She is an inspiration for me as she was a woman in this century willing to learn and write poetry in a world that was not ready for it. She showed courage and inspiration on her literary work and faced all the challenges of abuse and marginalization of her time. She serves our Latin American community through her many literary works.
Xochitl Wilson, Family Programs Manager
I met Virginia Correa Estrada when I was 20 years old. She was the director of Community Engagement and Multicultural Interpreter Services at Banner Good Samaritan Hospital. We immediately bonded over my name because Virgie was very well read in Aztec history. She became my mentor in such an organic way that sometimes I would forget I was there to work. I was able to observe her at so many meetings advocating for equality in medical treatment for every Hispanic/Latino patient that entered the hospital doors.
Virgie was the founder and coordinator of the “STAR Program” whose mission was to help educate and empower young girls to reach their full potential. I wasn’t fortunate enough to learn about this program until I met her. I became the last STAR.
I honor you Virginia “Virgie” Correa Estrada- for never settling, for working tirelessly, for having the courage to fight for equality no matter where and no matter who, for always being proud of your Mexican heritage even with your broken Spanish – Guerrera you were. But most of all I thank you for sharing your wisdom and talent with young girls who never realized there was future outside their zip code. Thank you for being in my life and sharing your bright sparkle with me. I hope to honorably carry the torch of your ESTRELLA.
Ramon Gallardo, Gift In-Kind Coordinator
Sylvia Rivera was a Latina trans activist who alongside her fellow trans activist, Marsha P Johnson, took part in the Stonewall riot. She inspires me because she had been shunned by both the straight and gay communities throughout her fight, but through it all she kept her head high and co-founded Street Transvestite Action Revolutionaries (STAR). STAR offers services and advocacy for homeless queer youth and fought for the Sexual Orientation Non-Discrimination Act in New York which protected people from being denied their human rights based on their orientation.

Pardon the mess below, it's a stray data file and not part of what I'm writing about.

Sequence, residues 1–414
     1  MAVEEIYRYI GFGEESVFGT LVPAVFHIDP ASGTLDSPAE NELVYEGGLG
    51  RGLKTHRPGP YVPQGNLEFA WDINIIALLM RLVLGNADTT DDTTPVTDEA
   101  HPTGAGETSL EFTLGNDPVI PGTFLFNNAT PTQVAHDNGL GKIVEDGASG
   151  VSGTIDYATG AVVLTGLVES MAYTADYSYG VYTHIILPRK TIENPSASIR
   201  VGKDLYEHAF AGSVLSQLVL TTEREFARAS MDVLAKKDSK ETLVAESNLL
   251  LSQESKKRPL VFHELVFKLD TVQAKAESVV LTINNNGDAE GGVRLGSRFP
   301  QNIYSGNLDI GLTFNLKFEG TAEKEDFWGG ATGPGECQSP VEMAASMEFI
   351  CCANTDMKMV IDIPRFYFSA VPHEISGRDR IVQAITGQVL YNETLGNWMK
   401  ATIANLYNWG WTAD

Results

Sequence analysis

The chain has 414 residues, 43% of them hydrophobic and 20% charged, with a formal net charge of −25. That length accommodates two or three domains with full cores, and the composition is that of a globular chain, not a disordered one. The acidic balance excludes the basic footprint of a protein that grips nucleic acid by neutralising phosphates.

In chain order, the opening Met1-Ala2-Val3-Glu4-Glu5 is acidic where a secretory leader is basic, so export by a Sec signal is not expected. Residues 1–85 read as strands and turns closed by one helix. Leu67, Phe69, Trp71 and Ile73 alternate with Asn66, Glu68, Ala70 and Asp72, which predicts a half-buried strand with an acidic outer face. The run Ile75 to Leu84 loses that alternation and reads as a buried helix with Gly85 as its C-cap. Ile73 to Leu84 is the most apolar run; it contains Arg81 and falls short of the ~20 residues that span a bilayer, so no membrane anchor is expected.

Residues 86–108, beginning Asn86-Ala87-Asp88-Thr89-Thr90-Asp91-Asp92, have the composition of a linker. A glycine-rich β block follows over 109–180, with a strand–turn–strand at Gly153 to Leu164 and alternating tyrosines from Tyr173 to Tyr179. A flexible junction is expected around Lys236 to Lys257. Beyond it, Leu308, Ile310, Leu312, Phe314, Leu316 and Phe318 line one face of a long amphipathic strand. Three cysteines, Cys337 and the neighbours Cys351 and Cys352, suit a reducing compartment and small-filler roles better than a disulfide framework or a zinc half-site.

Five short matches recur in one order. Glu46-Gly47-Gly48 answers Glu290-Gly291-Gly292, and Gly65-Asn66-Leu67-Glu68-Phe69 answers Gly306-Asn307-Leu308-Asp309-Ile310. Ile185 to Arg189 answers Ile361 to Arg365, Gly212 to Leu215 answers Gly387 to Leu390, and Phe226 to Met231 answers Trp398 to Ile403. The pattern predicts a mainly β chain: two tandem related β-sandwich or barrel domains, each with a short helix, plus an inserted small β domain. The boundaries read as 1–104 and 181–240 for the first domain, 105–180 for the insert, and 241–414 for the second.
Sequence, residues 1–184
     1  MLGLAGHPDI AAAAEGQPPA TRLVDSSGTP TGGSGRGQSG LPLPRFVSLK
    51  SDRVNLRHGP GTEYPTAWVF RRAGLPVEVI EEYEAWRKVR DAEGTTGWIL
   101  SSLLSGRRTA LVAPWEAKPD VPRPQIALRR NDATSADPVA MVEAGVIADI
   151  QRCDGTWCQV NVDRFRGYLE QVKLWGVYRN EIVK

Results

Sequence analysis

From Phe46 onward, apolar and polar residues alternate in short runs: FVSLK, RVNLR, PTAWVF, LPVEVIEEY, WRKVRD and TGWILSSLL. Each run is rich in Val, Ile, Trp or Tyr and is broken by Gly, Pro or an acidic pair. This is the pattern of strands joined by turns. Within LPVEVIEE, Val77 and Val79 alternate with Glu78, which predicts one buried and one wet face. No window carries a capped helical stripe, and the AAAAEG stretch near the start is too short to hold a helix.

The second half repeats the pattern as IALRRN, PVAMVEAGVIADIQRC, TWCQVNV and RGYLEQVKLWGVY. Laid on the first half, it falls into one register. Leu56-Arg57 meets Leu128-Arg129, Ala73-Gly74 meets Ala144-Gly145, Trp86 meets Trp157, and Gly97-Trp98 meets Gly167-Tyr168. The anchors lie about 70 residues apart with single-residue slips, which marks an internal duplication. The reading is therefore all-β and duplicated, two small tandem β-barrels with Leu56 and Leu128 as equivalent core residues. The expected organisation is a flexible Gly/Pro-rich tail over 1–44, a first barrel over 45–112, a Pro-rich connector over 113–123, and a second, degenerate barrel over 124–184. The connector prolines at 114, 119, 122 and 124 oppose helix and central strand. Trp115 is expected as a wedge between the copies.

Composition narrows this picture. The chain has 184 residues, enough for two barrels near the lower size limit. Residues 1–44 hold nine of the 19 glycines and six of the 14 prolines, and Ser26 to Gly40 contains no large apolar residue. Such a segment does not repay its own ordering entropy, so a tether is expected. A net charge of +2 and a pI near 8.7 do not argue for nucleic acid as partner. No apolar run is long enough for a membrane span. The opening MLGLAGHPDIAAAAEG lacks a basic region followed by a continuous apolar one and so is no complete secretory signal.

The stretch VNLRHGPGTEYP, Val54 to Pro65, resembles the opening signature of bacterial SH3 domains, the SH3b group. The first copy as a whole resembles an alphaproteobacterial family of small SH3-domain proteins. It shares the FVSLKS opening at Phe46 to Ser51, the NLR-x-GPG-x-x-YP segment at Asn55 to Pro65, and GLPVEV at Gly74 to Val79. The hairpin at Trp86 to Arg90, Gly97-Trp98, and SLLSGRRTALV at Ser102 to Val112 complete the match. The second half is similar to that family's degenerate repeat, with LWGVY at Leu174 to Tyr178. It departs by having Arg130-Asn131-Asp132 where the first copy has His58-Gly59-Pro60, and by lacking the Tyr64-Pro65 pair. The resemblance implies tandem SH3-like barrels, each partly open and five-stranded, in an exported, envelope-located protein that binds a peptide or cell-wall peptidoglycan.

Valeria Lopez, Community Health Educator
One of the Hispanic figures whom I admire for her courage and dedication to the community is Dolores Huerta because, seeing the unworthy and unfair way that the agricultural community lived and worked, she decided to organize a union, raised her voice, and without fear for her gender decided to fight for what she believed was right. Her community service and advocacy for farm and immigrant workers changed history. It is thanks to her that many people were able to fight for their rights. What greater honor than to be recognized and receive various awards for what she fought for, including the presidential medal of freedom. There are many Latinos who have been recognized for their fame and talent, but no success could compare to having changed history in favor of her people.